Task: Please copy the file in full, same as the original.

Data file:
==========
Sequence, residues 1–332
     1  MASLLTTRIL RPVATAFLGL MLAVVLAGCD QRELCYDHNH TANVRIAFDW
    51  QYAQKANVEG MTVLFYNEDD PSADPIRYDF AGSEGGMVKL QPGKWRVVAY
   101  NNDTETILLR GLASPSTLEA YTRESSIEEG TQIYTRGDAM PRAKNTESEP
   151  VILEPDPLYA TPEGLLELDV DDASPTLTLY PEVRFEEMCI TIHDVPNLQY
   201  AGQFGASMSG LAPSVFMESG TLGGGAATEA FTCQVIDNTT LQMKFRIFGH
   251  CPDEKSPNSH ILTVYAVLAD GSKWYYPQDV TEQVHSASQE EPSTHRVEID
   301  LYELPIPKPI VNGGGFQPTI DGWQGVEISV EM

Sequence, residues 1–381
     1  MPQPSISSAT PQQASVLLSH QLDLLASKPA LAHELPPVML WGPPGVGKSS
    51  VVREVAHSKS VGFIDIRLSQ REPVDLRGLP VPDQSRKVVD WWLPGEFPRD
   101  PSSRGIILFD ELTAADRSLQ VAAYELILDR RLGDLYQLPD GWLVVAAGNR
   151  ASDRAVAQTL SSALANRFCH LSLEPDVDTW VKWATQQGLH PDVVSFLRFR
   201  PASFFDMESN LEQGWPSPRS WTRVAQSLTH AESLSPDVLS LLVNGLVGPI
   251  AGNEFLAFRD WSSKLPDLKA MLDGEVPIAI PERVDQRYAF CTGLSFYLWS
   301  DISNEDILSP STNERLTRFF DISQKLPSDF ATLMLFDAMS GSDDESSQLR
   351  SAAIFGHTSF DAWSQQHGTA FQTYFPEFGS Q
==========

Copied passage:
Sequence, residues 1–332
     1  MASLLTTRIL RPVATAFLGL MLAVVLAGCD QRELCYDHNH TANVRIAFDW
    51  QYAQKANVEG MTVLFYNEDD PSADPIRYDF AGSEGGMVKL QPGKWRVVAY
   101  NNDTETILLR GLASPSTLEA YTRESSIEEG TQIYTRGDAM PRAKNTESEP
   151  VILEPDPLYA TPEGLLELDV DDASPTLTLY PEVRFEEMCI TIHDVPNLQY
   201  AGQFGASMSG LAPSVFMESG TLGGGAATEA FTCQVIDNTT LQMKFRIFGH
   251  CPDEKSPNSH ILTVYAVLAD GSKWYYPQDV TEQVHSASQE EPSTHRVEID
   301  LYELPIPKPI VNGGGFQPTI DGWQGVEISV EM

Sequence, residues 1–381
     1  MPQPSISSAT PQQASVLLSH QLDLLASKPA LAHELPPVML WGPPGVGKSS
    51  VVREVAHSKS VGFIDIRLSQ REPVDLRGLP VPDQSRKVVD WWLPGEFPRD
   101  PSSRGIILFD ELTAADRSLQ VAAYELILDR RLGDLYQLPD GWLVVAAGNR
   151  ASDRAVAQTL SSALANRFCH LSLEPDVDTW VKWATQQGLH PDVVSFLRFR
   201  PASFFDMESN LEQGWPSPRS WTRVAQSLTH AESLSPDVLS LLVNGLVGPI
   251  AGNEFLAFRD WSSKLPDLKA MLDGEVPIAI PERVDQRYAF CTGLSFYLWS
   301  DISNEDILSP STNERLTRFF DISQKLPSDF ATLMLFDAMS GSDDESSQLR
   351  SAAIFGHTSF DAWSQQHGTA FQTYFPEFGS Q